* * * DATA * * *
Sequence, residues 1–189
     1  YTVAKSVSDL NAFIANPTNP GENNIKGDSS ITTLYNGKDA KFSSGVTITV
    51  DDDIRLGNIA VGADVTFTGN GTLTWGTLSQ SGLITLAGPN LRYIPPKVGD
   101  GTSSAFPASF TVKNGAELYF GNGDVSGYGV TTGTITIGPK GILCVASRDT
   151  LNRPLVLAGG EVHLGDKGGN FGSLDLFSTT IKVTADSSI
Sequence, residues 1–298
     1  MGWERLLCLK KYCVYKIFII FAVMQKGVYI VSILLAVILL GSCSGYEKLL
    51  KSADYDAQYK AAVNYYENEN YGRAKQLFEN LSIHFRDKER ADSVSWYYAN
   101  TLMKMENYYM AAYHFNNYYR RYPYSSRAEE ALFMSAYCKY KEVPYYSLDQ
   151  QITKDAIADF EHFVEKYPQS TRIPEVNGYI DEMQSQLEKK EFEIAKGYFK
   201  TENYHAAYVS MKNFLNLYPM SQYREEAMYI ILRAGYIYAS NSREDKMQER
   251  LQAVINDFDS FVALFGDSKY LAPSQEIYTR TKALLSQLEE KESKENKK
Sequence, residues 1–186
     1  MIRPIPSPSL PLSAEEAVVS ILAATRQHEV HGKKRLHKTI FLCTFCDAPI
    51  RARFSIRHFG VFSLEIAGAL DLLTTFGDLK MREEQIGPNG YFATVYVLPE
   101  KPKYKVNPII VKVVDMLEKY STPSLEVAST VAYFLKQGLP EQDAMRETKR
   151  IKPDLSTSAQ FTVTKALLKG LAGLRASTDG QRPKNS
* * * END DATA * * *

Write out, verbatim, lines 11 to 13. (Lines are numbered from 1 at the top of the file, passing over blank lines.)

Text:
   201  TENYHAAYVS MKNFLNLYPM SQYREEAMYI ILRAGYIYAS NSREDKMQER
   251  LQAVINDFDS FVALFGDSKY LAPSQEIYTR TKALLSQLEE KESKENKK
Sequence, residues 1–186